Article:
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Legislature Battles Over Hemp Legislation

Representative Dustin Miller fought a hard battle on the floor of the house Friday morning. SB 237 BANNING hemp products was fiercely debated, then tabled for the morning session. Rep Miller argued that his bill, HB 952 regulating the industry, would be heard by the Senate later in the day and the house should wait for action by the Senate.

Representative Laurie Schlegel pushed for adoption of the BAN, offering amendments to allow some sales of hemp products in an effort to get house members to support SB 237. She proposed a 5mg limit per serving and an 8 serving limit per package. Her amendment also proposed that only alcohol and tobacco licensees would sell hemp products and their building must be at least 17,500 square feet in size.

Under the provisions of her amendment, the businesses that have invested millions of dollars and built the industry would be out of the hemp business unless they decide to invest more money and become alcohol or tobacco sellers. Their buildings would have to be 17,500 in size and most existing hemp manufacturers, wholesalers, and retailers would be out of business, turning the industry over to the alcohol and tobacco industry.

Her amendment failed fortunately, then Representative Debbie Villio offered an amendment to reduce the square footage requirement to 5,000 square feet in an attempt to change votes. Her amendment failed as well but a few representatives changed their vote when the square footage was reduced, siding with Rep Schlegel and Villio.

Ultimately, Rep Miller was able to table SB 237 on the promise he would bring the bill back up at 5:30 that afternoon if the Senate rejected his bill later in the day. The legislature had until 6pm to pass legislation with a majority vote. After 6pm, for the remainder of the session, any bill under consideration must get a 2/3 vote to pass.

Senator Jean-Paul Coussan, a hemp industry supporter, led the Senate battle over Rep Miller's bill. Sen Coussan met all week with legislators that supported HB 952 and those that wanted to BAN hemp products.

He offered an amendment to HB 952 that included provisions that legislators had agreed upon privately.

Sen Coussan's amendments provided for a 5mg/serving limit and an 8 servings per package limit. His amendment also bans the sale of hemp products at C-stores that sell gasoline but allows sales at truck stops. While these provisions are not supported by our Association and others in the industry, Sen Coussan explained that it was important for the Senate to adopt Rep Miller's bill and that he had compromised with fellow Senators in order to achieve the adoption of HB 952.

To be certain, Sen Coussan didn't like his own amendments. He reminded us that the Senate had approved Sen Pressly's BAN Bill on a 27-9 vote. The Senate overwhelming had voted to BAN ALL HEMP PRODUCTS. Senator Coussan's strategy paid off, his amendment was approved without objection by a single member of the Senate.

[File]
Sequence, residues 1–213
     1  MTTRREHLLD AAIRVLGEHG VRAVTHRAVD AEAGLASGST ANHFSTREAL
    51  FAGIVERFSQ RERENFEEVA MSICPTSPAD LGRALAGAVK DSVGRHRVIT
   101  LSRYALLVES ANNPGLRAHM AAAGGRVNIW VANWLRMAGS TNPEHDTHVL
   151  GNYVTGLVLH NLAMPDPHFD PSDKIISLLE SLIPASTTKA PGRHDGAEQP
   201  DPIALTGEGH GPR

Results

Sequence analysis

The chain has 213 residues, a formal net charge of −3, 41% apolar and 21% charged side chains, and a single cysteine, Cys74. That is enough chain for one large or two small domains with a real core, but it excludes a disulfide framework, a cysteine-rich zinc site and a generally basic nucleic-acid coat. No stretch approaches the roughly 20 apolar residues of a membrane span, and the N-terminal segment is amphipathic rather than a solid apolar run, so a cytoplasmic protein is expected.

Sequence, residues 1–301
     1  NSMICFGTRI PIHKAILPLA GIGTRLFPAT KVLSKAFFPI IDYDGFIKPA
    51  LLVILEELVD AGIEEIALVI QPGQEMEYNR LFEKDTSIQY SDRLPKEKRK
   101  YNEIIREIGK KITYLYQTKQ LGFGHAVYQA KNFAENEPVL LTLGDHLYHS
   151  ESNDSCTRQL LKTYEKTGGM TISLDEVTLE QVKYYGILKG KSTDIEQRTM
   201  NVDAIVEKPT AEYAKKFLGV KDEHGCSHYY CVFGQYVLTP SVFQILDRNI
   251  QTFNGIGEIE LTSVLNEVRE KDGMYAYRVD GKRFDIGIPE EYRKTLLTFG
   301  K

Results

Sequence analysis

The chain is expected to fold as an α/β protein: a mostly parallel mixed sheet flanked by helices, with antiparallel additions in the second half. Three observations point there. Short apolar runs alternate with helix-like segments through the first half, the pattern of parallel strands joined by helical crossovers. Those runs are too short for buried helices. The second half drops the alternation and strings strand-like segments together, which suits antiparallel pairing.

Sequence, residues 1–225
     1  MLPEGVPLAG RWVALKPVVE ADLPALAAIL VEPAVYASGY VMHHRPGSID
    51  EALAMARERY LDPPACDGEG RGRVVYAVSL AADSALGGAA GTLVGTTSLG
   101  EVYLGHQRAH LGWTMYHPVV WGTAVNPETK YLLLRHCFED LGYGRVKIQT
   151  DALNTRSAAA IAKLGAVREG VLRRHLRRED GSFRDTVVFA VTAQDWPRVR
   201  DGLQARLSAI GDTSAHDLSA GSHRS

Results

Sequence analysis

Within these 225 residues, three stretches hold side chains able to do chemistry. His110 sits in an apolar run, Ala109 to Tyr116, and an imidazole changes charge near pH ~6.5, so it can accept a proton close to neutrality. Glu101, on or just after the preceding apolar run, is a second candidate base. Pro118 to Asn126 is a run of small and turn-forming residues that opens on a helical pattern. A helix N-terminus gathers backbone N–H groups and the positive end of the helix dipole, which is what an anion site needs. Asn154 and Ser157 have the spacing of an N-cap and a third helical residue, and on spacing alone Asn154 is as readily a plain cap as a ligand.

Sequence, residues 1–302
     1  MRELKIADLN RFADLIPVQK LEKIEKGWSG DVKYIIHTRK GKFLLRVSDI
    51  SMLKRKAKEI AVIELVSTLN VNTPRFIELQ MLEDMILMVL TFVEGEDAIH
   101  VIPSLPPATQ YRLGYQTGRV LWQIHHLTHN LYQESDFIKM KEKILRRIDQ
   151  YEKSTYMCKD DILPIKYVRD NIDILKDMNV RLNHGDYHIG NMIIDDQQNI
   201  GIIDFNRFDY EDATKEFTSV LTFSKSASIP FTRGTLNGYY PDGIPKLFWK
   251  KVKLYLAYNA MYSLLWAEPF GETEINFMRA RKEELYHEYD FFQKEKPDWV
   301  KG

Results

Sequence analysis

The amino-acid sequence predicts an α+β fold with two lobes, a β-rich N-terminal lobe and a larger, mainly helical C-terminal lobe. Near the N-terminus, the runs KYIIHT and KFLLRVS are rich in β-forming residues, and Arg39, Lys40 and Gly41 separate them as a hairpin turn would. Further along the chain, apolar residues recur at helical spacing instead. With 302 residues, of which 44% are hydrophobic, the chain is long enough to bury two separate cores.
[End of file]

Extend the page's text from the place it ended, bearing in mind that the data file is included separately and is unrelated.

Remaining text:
Senator Pressly then offered an additional amendment than BANS the sale of hemp products in bars and restaurants. After banning sales of products at C-Store which comprise 70% of the 3,000+ hemp retailers, Sen Pressly now wanted to further erode the marketplace by keeping hemp beverages out of bars. His argument focused on protecting children, without acknowledging that a person must be 21 to purchase alcohol in a bar. He restated his desire that if it were up to him, all the products would be BANNED everywhere.

Senator Pressly's amendment passed on a 19-18 vote in favor. While the senate had accepted Sen Coussan's compromise, they wanted more. They voted to BAN hemp products in bars & restaurants.

HB 952 now goes back to the House for concurrence. If the house concurs, the amended bill becomes law on the signature of the Governor. If the house rejects the amendments, the bill will likely be sent to a conference committee. The Senate President and the Speaker of the House will appoint three members of each house to attempt to work out a compromise. The committees recommendations must then be agreed upon by both houses.

With HB 952 approved by the Senate, the house did not take up SB 237. In order for the house to consider SB 237, 2/3 of the members must agree to do so. That is unlikely.

The legislature convenes at 5 pm today. The session must end by 6pm tomorrow evening. Between now and then, the house must decide what to do with HB 952 and if the senate amendments are rejected, a conference committee must be appointed, meet, and make recommendations. Then both houses have to approve the recommendations.

If the house rejects the amendments to HB 952, expect all of this to happen before 6pm Monday. This legislature is committed to passing a hemp regulatory bill in this session.


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